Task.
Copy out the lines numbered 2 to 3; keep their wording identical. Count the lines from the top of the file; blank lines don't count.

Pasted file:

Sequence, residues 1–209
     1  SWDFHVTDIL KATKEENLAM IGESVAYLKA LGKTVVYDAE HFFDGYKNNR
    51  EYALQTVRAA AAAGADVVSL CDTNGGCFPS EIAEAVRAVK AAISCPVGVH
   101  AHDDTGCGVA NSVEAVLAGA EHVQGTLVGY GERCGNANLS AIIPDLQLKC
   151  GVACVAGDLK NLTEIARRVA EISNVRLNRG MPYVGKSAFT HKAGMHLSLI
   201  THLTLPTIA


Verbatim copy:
     1  SWDFHVTDIL KATKEENLAM IGESVAYLKA LGKTVVYDAE HFFDGYKNNR
    51  EYALQTVRAA AAAGADVVSL CDTNGGCFPS EIAEAVRAVK AAISCPVGVH